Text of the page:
What is a Revocable Living Trust?

living-trustMany people have heard about Revocable Living Trusts (Trusts) and that they may be some benefit from having one, however, many are not really even sure what a trust is or how it works. A good approach to understanding a Trust is to consider each word individually and what it means.

Revocable –  Means that the creator of the trust is able to revoke it, amend it or terminate whenever it no longer suits their needs.

Living (Inter vivos) –  Distinguishes it from other types of trusts in that it is living.  Meaning it is effective and operational the moment you sign it.   In essence, it is a living entity that can own, buy, sell and trade assets.

Trust – Is the name of an agreement whereby one person agrees to hold and manage property belonging to another.  This concept was frequently used in the time of the crusades when the owner (Grantor) would go off to battle and deed his estate to another (Trustee).  According to the terms of the trust agreement, the Trustee was to manage the property while the Grantor was gone and then deed the property back to the owner upon his return.

Now that we have identified what a trust is, let’s get a better understand of what are the main components of a trust?

1st The Grantor – The Grantor is the owner of the property and the creator of the trust.  Typically if you are the Grantor, no one else will ever be the Grantor.   As the creator of the trust, you are the only one who can revoke it but you are also able to amend it as time goes on and as your estate plan changes.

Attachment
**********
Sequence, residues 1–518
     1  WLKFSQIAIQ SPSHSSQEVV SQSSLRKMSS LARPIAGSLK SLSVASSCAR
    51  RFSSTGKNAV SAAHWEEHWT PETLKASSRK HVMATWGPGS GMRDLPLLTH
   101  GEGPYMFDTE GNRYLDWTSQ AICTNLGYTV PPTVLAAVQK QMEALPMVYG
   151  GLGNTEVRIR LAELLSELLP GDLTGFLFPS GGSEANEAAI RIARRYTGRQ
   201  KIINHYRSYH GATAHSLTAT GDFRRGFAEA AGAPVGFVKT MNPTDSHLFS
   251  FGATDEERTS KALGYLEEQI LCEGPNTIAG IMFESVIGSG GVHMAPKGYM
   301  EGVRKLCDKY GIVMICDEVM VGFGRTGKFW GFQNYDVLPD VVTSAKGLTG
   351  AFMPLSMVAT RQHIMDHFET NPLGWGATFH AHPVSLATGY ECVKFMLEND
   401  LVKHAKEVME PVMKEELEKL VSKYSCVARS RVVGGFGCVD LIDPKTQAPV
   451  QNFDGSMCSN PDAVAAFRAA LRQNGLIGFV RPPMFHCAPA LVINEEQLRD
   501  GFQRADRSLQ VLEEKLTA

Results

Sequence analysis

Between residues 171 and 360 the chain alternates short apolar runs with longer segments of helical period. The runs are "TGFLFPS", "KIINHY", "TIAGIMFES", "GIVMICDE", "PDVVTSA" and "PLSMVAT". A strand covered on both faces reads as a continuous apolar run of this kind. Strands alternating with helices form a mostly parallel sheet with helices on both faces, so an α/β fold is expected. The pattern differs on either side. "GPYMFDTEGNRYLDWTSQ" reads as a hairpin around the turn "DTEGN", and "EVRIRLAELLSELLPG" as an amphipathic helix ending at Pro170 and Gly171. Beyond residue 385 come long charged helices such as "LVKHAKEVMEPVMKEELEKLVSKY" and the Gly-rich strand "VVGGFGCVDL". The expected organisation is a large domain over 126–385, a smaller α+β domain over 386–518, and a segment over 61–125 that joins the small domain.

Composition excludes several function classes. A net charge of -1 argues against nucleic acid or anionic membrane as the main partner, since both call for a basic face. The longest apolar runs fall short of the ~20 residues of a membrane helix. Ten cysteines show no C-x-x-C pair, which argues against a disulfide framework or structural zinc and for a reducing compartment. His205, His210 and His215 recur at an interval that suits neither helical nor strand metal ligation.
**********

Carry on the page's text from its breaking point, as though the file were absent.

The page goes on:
2nd The Trustee – The Trustee(s) manage the trust.  Most Grantors will choose to be the initial Trustee and then make provisions for successors as trustees.

3rd – The Beneficiary – Initially, the Grantor is the only beneficiary and will typically continue to be the beneficiary up until the time that they pass away.   Upon the death of the Grantor, the trust will make provisions for distribution to the beneficiaries chosen by the Grantor.   A common example is to distribute equally to surviving children or a favorite charity.  In this respect, a trust functions in a very similar manner as a will.

It is not comfortable to plan for our own death or a day when you may be incapacitated; however, wise planning can often save time, money and aggravation for you and your family.  A Trust is certainly not for everyone, but for many, it has proven to be a valuable planning tool.

 

ScottScott C. Dixon, Esq.

Estate Planning and Probate Attorney

Widerman Malek, PL

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